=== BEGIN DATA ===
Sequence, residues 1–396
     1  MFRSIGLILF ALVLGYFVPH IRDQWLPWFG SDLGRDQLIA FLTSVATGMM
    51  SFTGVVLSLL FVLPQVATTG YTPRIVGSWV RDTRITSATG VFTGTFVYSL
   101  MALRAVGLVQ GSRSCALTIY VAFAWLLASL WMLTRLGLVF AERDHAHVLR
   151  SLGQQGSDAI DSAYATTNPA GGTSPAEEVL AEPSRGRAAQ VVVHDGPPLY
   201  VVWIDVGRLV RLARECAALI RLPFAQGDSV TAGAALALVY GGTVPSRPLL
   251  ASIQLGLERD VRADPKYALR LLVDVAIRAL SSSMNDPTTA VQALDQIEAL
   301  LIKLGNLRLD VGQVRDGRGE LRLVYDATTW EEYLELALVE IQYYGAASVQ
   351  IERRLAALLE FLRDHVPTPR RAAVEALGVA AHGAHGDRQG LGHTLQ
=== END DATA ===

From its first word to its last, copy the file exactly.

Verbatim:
Sequence, residues 1–396
     1  MFRSIGLILF ALVLGYFVPH IRDQWLPWFG SDLGRDQLIA FLTSVATGMM
    51  SFTGVVLSLL FVLPQVATTG YTPRIVGSWV RDTRITSATG VFTGTFVYSL
   101  MALRAVGLVQ GSRSCALTIY VAFAWLLASL WMLTRLGLVF AERDHAHVLR
   151  SLGQQGSDAI DSAYATTNPA GGTSPAEEVL AEPSRGRAAQ VVVHDGPPLY
   201  VVWIDVGRLV RLARECAALI RLPFAQGDSV TAGAALALVY GGTVPSRPLL
   251  ASIQLGLERD VRADPKYALR LLVDVAIRAL SSSMNDPTTA VQALDQIEAL
   301  LIKLGNLRLD VGQVRDGRGE LRLVYDATTW EEYLELALVE IQYYGAASVQ
   351  IERRLAALLE FLRDHVPTPR RAAVEALGVA AHGAHGDRQG LGHTLQ